McKINNEY, Texas - A Texas police officer has resigned, days after cell phone video of him violently restraining a young girl and drawing his weapon on unarmed teens at a pool party went viral.
CBS Dallas reported that McKinney police Corporal Eric Casebolt submitted his resignation through his attorney. At a news conference Tuesday evening, police chief Greg Conley confirmed that Casebolt resigned while under investigation.
"The actions of Casebolt, as seen on the video of the disturbance at the community pool, are indefensible," Conley said. "Our polices, our training and our practices do not support his actions. He came into the call out of control and -- as the video shows -- was out of control during the incident. I had 12 officers on the scene and 11 of them performed according to their training. They did an excellent job."
The video -- which showed Casebolt putting one black teen in handcuffs, pointing his gun at others and throwing a young black girl to the ground -- sparked worldwide outrage. Monday night, hundreds of demonstrators gathered outside the pool where the incident took place, many calling for Casebolt to be fired.
The dispute is the latest in a string of high-profile incidents involving white police officers use of questionable force against black people. On Tuesday, White House spokesman Josh Earnest said President Obama was monitoring coverage of the incident.
Saying he feared for his safety, Casebolt gave a statement to investigators and left town after being placed on administrative leave Monday, according to CBS Dallas.
Conley said officers responded Friday after several 911 calls reported "a fight in progress and general disturbance" at a private, community-owned pool in the affluent, predominantly white Dallas suburb.
Neighbors said a woman who lives in the community reserved the pool for an event, according to Benét Embry, a black local radio personality who witnessed the incident. The homeowners' association limits the number of guests each homeowner may have at the pool to two. But about 130 people, mostly kids, showed up.
At one point, several kids began jumping over the fence to get into the pool area and were causing a disturbance, Embry said, and a couple of fights broke out.
"This was a teenage party that got out of hand," Embry said.
Although most of those detained were male and minorities, the fight that prompted calls to the police was between two adult white women and the 19-year-old black woman who hosted the party. Police said some of the young people did not live in the area and did not have permission to be at the pool.
"I do not condone the actions of those individuals who violated the rules of the community, showed disrespect to the security person on scene, and to the officers who responded," Conley told reporters Tuesday. "However, we as a department are held to a high standard of action as we do our jobs."
According to Conley, charges of interference with the duties of a police officer and evading arrest have been dropped for the lone man who was arrested. All others who were initially detained were later released without being charged.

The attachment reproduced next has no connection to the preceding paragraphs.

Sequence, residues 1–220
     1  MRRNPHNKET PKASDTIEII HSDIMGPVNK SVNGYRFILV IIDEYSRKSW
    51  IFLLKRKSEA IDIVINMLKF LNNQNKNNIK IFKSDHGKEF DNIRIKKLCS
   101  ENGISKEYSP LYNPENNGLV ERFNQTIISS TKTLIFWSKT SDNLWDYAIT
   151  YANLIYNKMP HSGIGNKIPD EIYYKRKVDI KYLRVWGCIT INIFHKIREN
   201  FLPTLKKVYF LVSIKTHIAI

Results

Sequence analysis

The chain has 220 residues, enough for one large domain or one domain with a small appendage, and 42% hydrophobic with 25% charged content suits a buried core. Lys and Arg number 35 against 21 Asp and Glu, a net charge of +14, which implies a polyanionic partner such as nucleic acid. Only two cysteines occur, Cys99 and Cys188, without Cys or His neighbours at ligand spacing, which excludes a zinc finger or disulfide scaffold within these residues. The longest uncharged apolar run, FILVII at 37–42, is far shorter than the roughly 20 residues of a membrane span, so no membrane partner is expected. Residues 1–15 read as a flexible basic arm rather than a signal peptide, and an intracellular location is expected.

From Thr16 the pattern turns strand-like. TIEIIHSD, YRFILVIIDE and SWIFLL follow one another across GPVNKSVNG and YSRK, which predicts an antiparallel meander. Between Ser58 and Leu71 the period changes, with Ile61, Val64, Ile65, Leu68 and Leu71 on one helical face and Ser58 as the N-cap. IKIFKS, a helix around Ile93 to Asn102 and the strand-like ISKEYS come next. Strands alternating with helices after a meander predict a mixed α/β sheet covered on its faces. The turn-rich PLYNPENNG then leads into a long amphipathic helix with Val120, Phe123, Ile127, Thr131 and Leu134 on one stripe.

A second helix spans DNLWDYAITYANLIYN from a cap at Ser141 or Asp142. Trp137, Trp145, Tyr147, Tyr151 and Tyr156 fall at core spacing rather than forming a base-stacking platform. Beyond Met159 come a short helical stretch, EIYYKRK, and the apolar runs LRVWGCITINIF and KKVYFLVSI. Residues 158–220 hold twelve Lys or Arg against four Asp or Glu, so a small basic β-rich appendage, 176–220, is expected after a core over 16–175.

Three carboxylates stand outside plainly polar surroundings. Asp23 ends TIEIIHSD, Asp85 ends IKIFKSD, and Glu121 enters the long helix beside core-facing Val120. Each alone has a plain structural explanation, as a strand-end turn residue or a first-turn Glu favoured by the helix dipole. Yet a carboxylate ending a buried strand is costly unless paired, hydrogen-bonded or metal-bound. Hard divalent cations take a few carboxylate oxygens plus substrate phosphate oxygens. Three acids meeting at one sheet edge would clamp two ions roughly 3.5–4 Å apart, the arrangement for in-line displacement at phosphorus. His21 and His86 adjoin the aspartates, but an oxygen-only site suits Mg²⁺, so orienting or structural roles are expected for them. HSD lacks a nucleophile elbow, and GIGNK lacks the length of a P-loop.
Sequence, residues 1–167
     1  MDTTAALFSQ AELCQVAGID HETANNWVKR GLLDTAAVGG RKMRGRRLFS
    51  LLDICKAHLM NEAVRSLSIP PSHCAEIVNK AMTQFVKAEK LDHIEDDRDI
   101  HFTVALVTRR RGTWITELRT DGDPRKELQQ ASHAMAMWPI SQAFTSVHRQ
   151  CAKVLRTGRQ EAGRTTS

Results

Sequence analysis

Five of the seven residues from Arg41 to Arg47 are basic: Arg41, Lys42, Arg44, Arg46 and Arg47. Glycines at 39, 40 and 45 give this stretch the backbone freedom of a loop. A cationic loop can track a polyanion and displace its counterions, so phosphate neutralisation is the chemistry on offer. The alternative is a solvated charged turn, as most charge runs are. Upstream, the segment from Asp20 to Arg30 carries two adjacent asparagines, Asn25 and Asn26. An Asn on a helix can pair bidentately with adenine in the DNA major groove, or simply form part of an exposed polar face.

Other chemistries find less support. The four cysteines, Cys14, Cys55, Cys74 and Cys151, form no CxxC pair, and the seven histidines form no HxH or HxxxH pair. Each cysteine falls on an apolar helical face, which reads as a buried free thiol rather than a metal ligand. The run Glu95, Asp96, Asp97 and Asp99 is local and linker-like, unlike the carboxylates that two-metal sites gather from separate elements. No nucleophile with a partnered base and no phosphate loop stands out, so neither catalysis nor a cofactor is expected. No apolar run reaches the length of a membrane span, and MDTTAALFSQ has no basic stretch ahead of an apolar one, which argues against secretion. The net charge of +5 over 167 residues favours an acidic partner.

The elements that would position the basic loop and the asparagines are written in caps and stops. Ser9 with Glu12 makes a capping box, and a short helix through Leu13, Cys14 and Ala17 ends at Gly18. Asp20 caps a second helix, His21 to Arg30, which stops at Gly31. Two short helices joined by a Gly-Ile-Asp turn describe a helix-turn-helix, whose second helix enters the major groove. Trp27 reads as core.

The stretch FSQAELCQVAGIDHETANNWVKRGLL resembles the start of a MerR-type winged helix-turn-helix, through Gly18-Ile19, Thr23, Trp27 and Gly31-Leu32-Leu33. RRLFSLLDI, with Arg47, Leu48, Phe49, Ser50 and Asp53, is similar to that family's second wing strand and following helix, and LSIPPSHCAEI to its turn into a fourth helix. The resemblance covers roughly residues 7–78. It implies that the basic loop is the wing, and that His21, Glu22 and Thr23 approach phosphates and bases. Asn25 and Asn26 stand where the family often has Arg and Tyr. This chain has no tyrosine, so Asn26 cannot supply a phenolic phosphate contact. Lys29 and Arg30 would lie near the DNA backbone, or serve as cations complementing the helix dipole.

A girl who recorded video of the incident said police were only targeting minorities, reports CBS Dallas. "I honestly believe it was about race because mostly they did nothing to the Caucasians," 13-year-old Jahda Bakari said. "They were trying to make us leave, but if we ran, they'd chase after us, and if we stayed, then they'd arrest us."
Brandon Brooks, another teen who recorded video of the incident, told television station KDFW that tensions rose after a white woman and a black teenager had an altercation. He said the white woman told the teen "to go back to Section 8 housing," a reference to federal housing aid given to low-income families.
The comment holds extra significance in McKinney, which has been the target of lawsuits accusing its housing authority of racially segregating Section 8 housing. One long-running lawsuit was settled with a consent decree in 2012 that aimed to open up the west side to subsidized housing.
Brooks said the officer was "out of line" and that he felt compelled to keep filming when Casebolt pulled out his gun.
"At that point, my heart did drop and I was scared that someone was going to get shot and possibly killed," he said.
CBS Dallas reported that since Casebolt resigned voluntarily , it would be difficult for the City of McKinney to discipline him. The Texas Commission on Law Enforcement (TCOLE) will only enter "marks" in Casebolt's file if he is disciplined or fired from a department, meaning he can still work as a commissioned police officer.
Several people have filed complaints against Casebolt that could result in criminal charges. If so, his TCOLE status and his ability to be hired by another law enforcement agency would be affected. Conley said it was likely that Casebolt will receive his pension.
State records reviewed by CBS Dallas show the 41-year-old Casebolt, who has been with the department for since 2005, had 2,200 hours of law enforcement classes, including extensive training in both cultural diversity and use of force.
Complaints against Casebolt were still being reviewed, according to Conley, who said the investigation is continuing.